On Sunday January 31, Alla Shapiro MD, PhD joined Union’s Leadership in Medicine Program as their Annual Speaker. The event was open to all Union College students and faculty, and was hosted by students Devneet Singh ’21 and Ameri Patel ’22.
Dr. Shapiro is currently a Medical Officer at the Office of Counter-Terrorism and Emergency Coordination at the US Food and Drug Administration where she is working in the area of facilitating the development and availability of medical countermeasures against radiation exposure by providing early advice to drug developers. She also reviews applications submitted by pharmaceutical companies, private investigators and representatives from academia on the development of safe and effective drugs against radiological and nuclear threats.
The Leadership in Medicine Council invited Dr. Shapiro to speak on behalf of her experience as a first-responder to the explosion at the Chernobyl Nuclear Power Station in Ukraine on April 26, 1986.
She recalled hearing the news of the explosion through her father who was listening to news stations from outside of Ukraine. As radioactive particles filled the air she says children were still outdoors playing since the government at the time was not advising residents to remain indoors. Her presentation also included insight on details associated with specific types of bombs and the radioactive material they emit.
Within her closing remarks, Dr. Shapiro says. “A nuclear accident anywhere is a nuclear accident everywhere.” Students had asked previously if she has seen any similarities in how the world has been reacting to the COVID-19 outbreak, and she continually referred back to the importance of first-responders being informed and safely-protected. The severity of the crisis also needs to be accurately reported to the citizens affected, and not downplayed just because of the fear of causing mass panic.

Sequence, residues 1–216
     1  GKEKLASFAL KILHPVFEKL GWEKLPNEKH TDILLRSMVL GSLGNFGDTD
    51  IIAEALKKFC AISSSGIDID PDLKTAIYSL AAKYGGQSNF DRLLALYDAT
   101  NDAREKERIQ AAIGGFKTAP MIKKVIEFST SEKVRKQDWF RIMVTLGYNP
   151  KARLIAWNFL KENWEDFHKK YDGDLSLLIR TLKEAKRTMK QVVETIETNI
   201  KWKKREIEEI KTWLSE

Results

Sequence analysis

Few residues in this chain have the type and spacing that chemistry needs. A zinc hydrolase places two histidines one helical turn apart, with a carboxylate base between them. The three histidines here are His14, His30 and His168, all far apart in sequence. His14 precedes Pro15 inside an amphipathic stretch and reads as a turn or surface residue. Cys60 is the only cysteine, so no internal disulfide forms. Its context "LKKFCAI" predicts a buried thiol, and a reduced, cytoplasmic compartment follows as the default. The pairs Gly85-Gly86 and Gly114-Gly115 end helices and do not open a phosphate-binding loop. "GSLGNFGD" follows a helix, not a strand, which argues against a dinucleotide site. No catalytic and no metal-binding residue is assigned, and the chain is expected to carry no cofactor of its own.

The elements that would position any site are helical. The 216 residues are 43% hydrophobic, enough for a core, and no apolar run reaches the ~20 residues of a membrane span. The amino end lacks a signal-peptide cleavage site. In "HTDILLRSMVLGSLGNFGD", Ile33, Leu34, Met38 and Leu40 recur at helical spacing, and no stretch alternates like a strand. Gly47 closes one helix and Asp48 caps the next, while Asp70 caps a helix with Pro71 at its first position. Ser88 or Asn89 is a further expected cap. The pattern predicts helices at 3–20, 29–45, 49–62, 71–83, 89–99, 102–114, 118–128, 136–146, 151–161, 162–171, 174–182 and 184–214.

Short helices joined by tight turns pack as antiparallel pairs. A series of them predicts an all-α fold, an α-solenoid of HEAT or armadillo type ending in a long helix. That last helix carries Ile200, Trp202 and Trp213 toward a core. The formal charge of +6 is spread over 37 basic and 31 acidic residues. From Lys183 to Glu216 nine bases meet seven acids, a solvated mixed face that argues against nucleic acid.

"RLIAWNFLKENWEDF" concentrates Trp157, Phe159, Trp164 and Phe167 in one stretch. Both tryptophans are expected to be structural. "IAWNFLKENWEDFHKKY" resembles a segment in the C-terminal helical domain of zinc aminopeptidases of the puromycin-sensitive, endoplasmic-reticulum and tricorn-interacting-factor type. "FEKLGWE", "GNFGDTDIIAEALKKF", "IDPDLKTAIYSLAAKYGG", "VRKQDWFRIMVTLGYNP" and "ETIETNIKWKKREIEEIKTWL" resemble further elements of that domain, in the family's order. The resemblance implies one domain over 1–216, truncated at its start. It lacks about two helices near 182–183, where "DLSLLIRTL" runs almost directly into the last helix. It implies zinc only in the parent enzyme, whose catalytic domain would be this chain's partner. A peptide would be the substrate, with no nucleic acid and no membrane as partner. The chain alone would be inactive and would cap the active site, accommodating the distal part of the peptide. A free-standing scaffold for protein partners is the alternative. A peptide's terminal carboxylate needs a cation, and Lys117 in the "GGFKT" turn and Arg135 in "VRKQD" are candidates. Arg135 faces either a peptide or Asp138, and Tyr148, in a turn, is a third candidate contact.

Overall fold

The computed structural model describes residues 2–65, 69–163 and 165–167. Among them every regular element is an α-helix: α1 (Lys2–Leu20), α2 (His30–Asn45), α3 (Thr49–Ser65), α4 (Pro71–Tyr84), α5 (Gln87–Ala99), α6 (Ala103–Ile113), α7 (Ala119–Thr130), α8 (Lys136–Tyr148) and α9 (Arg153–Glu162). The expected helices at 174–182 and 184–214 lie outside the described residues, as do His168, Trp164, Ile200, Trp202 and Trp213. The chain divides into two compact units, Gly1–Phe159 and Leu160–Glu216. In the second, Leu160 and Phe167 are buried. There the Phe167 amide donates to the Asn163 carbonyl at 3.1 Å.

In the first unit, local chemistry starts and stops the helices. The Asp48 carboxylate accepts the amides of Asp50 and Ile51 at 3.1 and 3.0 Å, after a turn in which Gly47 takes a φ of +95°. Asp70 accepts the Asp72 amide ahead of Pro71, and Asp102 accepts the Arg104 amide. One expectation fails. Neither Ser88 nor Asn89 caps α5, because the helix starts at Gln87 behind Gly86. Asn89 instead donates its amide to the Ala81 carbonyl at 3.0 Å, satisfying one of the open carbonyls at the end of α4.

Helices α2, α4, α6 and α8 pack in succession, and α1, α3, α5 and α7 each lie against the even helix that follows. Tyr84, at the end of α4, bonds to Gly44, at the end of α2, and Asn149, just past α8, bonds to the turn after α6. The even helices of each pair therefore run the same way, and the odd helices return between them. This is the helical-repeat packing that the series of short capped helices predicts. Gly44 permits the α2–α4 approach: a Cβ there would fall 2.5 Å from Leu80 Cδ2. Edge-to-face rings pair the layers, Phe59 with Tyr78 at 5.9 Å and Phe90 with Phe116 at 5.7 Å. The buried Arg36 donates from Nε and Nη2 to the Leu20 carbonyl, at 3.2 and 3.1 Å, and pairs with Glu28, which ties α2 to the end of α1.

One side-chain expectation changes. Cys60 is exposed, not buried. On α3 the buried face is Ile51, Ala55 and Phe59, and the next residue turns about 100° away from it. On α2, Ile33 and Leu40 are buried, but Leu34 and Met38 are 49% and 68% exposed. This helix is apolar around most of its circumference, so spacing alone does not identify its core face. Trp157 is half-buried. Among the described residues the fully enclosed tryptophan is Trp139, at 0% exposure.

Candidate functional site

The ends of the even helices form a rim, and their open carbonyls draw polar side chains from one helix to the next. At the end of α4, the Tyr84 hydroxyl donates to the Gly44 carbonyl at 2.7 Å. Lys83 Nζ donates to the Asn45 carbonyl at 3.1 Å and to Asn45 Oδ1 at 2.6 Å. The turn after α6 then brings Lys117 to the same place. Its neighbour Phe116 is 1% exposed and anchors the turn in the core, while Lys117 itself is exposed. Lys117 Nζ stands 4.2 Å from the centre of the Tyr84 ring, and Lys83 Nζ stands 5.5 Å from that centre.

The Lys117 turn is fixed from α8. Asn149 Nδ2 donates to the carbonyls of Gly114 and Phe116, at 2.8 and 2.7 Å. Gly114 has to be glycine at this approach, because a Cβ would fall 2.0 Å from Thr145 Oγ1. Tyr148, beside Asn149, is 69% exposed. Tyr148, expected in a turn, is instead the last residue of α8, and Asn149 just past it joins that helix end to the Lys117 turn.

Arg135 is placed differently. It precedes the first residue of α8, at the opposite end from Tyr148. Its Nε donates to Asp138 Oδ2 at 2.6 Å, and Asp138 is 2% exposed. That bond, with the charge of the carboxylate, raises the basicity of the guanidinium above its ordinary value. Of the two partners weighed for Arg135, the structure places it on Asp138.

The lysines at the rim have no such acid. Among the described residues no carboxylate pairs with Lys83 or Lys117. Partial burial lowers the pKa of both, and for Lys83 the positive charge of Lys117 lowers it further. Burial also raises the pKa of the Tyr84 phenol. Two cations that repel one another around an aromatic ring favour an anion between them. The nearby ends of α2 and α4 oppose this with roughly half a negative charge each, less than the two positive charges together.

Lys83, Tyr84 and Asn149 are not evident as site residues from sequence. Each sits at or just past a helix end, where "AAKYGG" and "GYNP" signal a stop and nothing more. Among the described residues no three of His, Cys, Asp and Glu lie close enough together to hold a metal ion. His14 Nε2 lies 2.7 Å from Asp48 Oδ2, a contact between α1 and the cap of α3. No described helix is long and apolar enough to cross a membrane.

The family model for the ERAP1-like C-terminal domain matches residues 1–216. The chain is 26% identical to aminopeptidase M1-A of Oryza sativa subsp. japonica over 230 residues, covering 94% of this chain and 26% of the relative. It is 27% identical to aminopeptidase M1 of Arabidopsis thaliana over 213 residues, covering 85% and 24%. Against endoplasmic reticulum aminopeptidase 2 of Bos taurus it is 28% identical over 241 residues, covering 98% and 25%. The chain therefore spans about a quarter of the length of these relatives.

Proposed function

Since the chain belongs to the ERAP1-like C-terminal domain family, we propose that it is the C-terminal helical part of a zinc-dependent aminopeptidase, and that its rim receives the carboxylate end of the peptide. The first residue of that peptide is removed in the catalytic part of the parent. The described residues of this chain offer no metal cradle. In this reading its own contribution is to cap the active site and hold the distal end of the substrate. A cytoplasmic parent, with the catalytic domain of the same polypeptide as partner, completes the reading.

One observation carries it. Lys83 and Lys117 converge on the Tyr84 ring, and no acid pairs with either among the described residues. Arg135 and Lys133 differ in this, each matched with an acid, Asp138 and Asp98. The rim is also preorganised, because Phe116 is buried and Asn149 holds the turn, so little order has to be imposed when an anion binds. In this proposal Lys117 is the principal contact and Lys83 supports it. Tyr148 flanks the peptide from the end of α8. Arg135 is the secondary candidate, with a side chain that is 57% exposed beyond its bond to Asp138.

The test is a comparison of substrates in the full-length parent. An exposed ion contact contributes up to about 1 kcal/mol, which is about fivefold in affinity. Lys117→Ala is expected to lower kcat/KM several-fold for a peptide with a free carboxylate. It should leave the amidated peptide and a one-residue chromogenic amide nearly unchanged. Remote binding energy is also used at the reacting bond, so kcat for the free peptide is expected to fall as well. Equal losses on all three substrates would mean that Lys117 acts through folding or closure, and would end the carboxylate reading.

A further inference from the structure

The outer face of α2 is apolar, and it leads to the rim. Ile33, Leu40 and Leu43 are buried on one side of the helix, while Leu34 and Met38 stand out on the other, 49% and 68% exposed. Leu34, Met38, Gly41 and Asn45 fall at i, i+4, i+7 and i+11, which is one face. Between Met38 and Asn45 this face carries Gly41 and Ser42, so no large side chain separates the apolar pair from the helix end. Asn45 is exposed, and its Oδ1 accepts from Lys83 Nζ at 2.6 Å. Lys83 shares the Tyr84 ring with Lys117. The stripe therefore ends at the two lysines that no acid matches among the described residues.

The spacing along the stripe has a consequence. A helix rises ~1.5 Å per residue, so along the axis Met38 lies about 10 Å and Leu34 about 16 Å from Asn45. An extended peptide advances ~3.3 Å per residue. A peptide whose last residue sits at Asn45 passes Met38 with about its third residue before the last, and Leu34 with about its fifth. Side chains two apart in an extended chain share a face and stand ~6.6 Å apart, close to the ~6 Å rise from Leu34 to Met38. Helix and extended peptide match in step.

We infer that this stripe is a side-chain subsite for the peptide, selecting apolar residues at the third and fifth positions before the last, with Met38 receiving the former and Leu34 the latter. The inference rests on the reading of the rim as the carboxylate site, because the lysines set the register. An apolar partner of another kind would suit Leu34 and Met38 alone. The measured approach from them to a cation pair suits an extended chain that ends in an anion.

Dr. Shapiro says there are both mental and physical wounds that need to be addressed when one is battling these nuclear accidents, and for most the effects appear later on in life. Sources such as the World Health Organization (WHO) have found that increased chances of alcoholism, depression, anxiety and suicide can be traced back to the trauma of these horrific explosions.
A question was also asked about the reliability and accuracy of the historical drama television miniseries Chernobyl which premiered on television network HBO. She says there are many inaccuracies such as the portrayal of what exposure to radiation looks like. Many patients who died from radiation could not see the physical effects until several weeks or even months later.
Dr. Shapiro’s insight and experience with this catastrophic event in world history gave the Union community a chance to hear a first hand account of the detrimental effects this explosion had on Ukrainians lives even after some like Dr. Shapiro migrated to the United States.
Dr. Shapiro also informed students that they can learn more about her story in her novel titled, Doctor on Call: Chernobyl Responder, Jewish Refugee, Radiation Expert: Chernobyl Responder, Jewish Refugee, Radiation Expert which will be available on Amazon April 27.